Nicole Rom, Executive Director
My climate epiphany came through my work with the Will Steger Foundation. I was aware of the climate change issue, but I didn’t understand how urgent, how interconnected and how important it was until I was literally enveloped by it. But I was also extremely fascinated and drawn to it and chose to dig in deeply. It began with hearing Will’s powerful eyewitness story. Knowing that EVERY ice shelf he has crossed has disintegrated – and what it took to cross these vast ice shelves that disappeared in weeks and minutes – and that none of his expedition accomplishments could ever be repeated caused me to look at what places I’ve traveled, been, seen or love or feel intimately familiar with – how are these places changed. It brought me back to Ely, to Burntside Lake, to the Boundary Waters.
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As we reflect on 2014, the hottest year on record globally, we also saw some positive climate change solutions advanced. In June, the Obama administration took its biggest step yet to address climate change by introducing regulations to limit greenhouse gases from existing power plants. And the U. S. climate movement grew in grassroots might as hundreds of thousands of people, including hundreds of Minnesotans and many of our youth, filled the streets of New York City in September demanding that world leaders act on climate.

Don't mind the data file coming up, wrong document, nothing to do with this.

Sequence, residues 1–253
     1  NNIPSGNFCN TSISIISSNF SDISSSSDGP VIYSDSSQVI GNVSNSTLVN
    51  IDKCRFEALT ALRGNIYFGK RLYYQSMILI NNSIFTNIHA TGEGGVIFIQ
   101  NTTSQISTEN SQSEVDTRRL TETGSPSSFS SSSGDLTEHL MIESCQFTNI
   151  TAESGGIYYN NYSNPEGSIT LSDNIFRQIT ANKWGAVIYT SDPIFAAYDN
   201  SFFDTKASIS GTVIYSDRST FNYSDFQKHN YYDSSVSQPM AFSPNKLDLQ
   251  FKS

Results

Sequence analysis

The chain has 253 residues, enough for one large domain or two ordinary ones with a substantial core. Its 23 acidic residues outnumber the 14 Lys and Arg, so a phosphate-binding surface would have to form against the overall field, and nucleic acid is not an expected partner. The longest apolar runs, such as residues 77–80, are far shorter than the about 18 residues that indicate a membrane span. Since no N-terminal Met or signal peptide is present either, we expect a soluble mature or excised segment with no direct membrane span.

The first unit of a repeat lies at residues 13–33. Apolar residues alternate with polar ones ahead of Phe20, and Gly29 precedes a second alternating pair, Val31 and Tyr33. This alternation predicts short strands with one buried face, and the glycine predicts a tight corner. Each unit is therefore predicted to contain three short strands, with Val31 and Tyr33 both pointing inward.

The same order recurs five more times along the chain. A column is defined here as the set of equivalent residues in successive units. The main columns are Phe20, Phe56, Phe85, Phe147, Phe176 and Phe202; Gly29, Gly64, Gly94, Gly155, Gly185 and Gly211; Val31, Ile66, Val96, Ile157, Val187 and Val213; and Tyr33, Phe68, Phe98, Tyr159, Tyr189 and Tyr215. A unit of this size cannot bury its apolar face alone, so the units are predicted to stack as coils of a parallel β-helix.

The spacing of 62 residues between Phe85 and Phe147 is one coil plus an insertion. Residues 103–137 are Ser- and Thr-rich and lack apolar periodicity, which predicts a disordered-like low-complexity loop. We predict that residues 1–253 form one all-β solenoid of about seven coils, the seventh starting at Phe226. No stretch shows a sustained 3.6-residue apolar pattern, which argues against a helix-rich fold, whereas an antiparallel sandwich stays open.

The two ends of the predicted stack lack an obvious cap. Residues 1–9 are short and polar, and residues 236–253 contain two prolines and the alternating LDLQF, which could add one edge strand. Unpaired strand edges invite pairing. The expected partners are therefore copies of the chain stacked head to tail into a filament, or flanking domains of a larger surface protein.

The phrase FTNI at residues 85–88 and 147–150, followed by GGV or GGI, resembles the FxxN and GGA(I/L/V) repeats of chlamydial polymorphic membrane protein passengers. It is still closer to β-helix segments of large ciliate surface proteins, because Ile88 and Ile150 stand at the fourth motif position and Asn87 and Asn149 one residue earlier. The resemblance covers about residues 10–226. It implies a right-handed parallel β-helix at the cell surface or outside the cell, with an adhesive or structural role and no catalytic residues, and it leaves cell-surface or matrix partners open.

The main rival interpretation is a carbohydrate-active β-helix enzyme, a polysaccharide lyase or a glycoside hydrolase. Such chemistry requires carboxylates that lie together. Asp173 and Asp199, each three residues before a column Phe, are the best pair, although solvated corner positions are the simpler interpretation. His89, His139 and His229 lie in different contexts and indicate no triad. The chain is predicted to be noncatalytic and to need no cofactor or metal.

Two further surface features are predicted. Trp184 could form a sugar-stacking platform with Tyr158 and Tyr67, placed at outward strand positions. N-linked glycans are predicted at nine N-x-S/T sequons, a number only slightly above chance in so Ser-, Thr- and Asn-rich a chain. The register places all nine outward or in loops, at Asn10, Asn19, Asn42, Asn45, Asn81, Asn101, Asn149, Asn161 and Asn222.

In early December, the Will Steger Foundation co-hosted a screening of Antarctica: On the Edge at the St. Anthony Main Theatre, including a panel discussion after the screening with filmmakers Gary Smaby, Jon Bowermaster and our founder, Will Steger.
It was quite an honor to be invited to a White House convening of top leaders from across the “federal family,” the nonprofit sector, universities, professional associations, media, and philanthropy to discuss ways we can collectively advance climate change education.
WSF Executive Director Nicole Rom joined The White House OSTP for a Climate Education and Literacy Roundtable as part of the launch of a new Climate Education and Literacy Initiative to help connect American students with the best-available, science-based information about climate change.
The Will Steger Foundation team shares why we do this work and invites you to join us!
In recent headlines: “Climate change is real, humans are mostly to blame, time is short, UN panel says…” The fourth and final volume of the Intergovernmental Panel on Climate Change's (IPCC) giant climate assessment offered no surprises since it combined the findings of three reports released in the past 13 months.
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